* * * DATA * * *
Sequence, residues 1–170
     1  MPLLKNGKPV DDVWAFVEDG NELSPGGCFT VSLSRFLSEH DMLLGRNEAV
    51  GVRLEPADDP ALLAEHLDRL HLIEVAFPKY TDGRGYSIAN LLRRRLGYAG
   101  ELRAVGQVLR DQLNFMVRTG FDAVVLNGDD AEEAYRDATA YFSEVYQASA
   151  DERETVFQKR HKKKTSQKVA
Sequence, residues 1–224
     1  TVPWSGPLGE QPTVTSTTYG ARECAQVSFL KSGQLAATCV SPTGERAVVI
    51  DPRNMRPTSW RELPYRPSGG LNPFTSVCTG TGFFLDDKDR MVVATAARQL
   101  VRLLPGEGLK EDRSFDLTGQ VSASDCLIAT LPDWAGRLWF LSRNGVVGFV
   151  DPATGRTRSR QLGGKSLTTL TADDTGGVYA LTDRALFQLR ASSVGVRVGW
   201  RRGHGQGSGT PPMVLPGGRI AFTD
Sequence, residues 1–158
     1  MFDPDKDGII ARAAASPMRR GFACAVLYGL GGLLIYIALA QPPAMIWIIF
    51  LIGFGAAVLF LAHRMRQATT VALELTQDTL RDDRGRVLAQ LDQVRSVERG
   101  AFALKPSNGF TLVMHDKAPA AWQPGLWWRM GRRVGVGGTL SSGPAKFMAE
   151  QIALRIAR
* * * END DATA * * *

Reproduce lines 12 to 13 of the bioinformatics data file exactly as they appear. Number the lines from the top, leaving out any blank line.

Sequence, residues 1–158
     1  MFDPDKDGII ARAAASPMRR GFACAVLYGL GGLLIYIALA QPPAMIWIIF